If your child complains of low back pain, pay attention. It's relatively common for adults to suffer from non-threatening low back pain. So, when a child complains about it, parents often tell their kids what works for them: rest, be careful, and it will go away on its own.
Adults constantly listen to their active children complaining about aches and bruises. Low back pain, however, often indicates something more serious. A Huffington Post article explains:
"The repetition and strain of sports such as gymnastics, football, volleyball and weight training (poor technique, too much volume, too much weight too often without recovery) can weaken the pedicle or pars interarticularis.... which serves as a bridge between the large, blocky part of the vertebra and the part of the vertebra containing the facet joints and bony prominences for tendon and muscle attachment."
Low back pain in children that isn't dealt with can potentially lead to lifelong problems. A child's spine is still developing, so it isn't as resilient as an adult's spine.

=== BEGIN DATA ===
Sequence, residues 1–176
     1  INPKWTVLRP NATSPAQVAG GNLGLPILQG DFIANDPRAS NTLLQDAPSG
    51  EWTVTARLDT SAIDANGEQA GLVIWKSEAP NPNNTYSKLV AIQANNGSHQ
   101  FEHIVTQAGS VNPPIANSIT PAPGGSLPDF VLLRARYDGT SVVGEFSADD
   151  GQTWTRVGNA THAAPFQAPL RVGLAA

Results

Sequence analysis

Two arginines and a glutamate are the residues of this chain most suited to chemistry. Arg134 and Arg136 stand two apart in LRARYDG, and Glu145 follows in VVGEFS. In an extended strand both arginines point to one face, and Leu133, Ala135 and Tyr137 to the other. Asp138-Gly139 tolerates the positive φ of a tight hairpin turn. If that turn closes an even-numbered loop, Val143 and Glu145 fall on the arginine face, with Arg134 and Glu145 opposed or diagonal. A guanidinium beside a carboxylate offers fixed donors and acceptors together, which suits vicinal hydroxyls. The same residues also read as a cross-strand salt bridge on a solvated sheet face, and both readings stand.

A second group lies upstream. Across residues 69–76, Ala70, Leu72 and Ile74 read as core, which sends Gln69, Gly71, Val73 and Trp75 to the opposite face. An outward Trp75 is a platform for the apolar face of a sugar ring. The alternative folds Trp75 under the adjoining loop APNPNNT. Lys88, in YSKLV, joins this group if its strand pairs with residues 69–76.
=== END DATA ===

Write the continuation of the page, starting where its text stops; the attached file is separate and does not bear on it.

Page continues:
Parents might want to check in with the school coaches and see if they have an up to date understanding of the way children should be training. When your child comes home at night, pay attention to when he or she seems overly fatigued. Children don't experience fear and caution the way adults do, so they won't necessarily know when enough is enough.
Sports are highly beneficial to childhood development, both mentally and physically. Low back pain isn't a threat to a child's well-being, as long as you know when to take action if necessary.